Charles Krathammer out did himself with this article pointing out the audacity of demogoguery that has been gushing forth from the anointed one’s lips recently.  Hypocrisy and double standards not withstanding, it’s hard to avoid getting the distinct feeling that Obama’s speeches are delivered with the basic assumption that his audience is comprised of a bunch of simple minded idiots that will drink whatever flavor of kool-aid he has to offer us on any particular day. Charles Krathammer’s column is spot dead on with his latest observations…

I’m going to do my part to lead a constructive and civil debate on these issues.

— Barack Obama, speech on immigration, El Paso, May?10

Constructive and civil debate — like the one Obama initiated just four weeks ago on deficit reduction? The speech in which he accused the Republicans of abandoning families of autistic and Down syndrome kids? The debate in which Obama’s secretary of health and human services said that the Republican Medicare plan would make old folks “die sooner”?

In this same spirit of comity and mutual respect, Obama’s most recent invitation to civil discourse — on immigration — came just 11 minutes after he accused opponents of moving the goal posts on border enforcement. “Maybe they’ll need a moat,” he said sarcastically. “Maybe they want alligators in the moat.”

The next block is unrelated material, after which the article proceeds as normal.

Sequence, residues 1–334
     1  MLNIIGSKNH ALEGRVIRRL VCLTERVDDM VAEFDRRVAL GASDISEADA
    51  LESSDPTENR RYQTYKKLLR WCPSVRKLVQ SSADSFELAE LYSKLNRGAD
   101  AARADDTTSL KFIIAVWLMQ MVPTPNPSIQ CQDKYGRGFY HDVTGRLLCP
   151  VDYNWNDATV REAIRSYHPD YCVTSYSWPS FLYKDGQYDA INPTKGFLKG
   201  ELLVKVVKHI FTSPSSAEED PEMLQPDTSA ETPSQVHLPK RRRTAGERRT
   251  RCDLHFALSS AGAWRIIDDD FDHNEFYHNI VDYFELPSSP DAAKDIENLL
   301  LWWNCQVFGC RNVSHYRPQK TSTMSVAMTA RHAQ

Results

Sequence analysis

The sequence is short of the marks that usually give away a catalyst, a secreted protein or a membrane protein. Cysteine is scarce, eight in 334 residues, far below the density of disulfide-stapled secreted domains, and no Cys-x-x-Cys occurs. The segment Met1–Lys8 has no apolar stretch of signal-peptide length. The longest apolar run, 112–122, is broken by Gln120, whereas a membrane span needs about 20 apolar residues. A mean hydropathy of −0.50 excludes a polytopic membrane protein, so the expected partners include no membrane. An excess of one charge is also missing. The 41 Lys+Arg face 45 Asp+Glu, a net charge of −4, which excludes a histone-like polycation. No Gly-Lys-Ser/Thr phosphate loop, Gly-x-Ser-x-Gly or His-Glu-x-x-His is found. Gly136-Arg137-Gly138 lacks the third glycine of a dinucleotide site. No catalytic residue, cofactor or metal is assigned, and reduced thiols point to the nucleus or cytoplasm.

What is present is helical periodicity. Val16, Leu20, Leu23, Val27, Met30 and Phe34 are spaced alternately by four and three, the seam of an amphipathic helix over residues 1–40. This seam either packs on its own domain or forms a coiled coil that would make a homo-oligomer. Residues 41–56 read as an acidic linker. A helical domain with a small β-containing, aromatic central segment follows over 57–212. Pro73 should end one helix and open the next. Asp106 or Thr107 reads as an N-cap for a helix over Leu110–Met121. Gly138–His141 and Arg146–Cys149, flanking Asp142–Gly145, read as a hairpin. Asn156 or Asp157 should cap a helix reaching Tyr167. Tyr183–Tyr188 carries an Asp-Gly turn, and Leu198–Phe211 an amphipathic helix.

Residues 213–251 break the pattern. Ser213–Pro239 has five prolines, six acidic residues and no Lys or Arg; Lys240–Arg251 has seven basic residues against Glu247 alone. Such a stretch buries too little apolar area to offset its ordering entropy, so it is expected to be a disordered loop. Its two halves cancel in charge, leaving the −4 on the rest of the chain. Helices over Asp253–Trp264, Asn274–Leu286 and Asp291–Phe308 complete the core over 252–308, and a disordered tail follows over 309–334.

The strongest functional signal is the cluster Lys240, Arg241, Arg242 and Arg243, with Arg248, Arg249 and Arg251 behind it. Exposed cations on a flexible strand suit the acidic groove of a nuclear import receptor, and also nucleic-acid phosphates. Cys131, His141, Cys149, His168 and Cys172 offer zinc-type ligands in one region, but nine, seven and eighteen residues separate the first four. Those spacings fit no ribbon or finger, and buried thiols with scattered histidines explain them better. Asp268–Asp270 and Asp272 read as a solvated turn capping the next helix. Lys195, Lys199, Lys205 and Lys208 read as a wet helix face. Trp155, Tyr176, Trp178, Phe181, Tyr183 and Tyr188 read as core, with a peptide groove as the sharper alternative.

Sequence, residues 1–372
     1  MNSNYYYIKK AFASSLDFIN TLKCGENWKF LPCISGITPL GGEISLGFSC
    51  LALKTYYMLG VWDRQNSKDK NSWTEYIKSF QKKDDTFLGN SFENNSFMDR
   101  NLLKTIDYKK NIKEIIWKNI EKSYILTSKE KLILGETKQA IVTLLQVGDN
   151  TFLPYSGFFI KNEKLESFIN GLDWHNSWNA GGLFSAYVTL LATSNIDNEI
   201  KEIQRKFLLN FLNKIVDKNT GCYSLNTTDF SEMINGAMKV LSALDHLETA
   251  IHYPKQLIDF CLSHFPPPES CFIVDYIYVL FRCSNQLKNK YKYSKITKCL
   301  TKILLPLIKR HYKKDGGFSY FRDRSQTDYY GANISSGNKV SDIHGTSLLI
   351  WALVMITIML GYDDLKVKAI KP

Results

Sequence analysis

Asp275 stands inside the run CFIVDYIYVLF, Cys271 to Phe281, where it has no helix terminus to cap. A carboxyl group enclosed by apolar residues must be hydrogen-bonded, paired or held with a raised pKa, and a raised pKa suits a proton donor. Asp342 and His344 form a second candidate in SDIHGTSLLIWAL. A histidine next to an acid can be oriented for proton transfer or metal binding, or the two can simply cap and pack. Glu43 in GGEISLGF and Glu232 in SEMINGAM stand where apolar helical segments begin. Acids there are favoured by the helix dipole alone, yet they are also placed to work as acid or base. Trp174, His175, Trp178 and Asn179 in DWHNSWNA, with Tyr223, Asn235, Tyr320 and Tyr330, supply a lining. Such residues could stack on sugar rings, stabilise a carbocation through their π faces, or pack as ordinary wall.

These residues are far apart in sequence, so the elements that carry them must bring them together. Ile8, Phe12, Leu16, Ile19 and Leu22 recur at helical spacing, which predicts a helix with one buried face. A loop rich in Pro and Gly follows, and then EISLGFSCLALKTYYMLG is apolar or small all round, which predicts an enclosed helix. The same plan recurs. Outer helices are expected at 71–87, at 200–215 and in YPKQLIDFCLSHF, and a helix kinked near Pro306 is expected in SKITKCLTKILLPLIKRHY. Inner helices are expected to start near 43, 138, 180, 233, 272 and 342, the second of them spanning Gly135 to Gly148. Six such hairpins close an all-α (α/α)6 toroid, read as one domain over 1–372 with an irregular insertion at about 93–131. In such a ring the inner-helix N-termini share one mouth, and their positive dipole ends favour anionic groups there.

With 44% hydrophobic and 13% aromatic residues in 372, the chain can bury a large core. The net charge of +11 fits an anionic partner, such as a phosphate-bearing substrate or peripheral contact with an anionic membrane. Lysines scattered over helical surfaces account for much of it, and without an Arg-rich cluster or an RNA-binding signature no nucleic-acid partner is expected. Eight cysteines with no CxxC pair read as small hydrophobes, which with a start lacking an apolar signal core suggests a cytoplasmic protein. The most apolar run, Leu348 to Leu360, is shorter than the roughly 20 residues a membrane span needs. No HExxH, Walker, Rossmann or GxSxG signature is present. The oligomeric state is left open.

Nice touch. Looks like the Tucson truce — no demonization, no cross-hairs metaphors — is officially over. After all, the Republicans want to kill off the elderly, throw the disabled in the snow and watch alligators lunch on illegal immigrants.

The El Paso speech is notable not for breaking any new ground on immigration but for perfectly illustrating Obama’s political style: the professorial, almost therapeutic, invitation to civil discourse, wrapped around the basest of rhetorical devices — charges of malice compounded with accusations of bad faith. “They’ll never be satisfied,” said Obama about border control. “And I understand that. That’s politics.”

How understanding. The other side plays “politics,” Obama acts in the public interest. Their eyes are on poll numbers, political power, the next election; Obama’s rest fixedly on the little children.

This impugning of motives is an Obama constant. “They” play politics with deficit reduction, with government shutdowns, with health care. And now immigration. It is ironic that such a charge should be made in a speech that is nothing but politics. There is zero chance of any immigration legislation passing Congress in the next two years. El Paso was simply an attempt to gin up the Hispanic vote as part of an openly political two-city, three-event campaign swing in preparation for 2012.

Accordingly, the El Paso speech featured two other staples: the breathtaking invention and the statistical sleight of hand.

— credits… Charles Krauthammer / Washington Post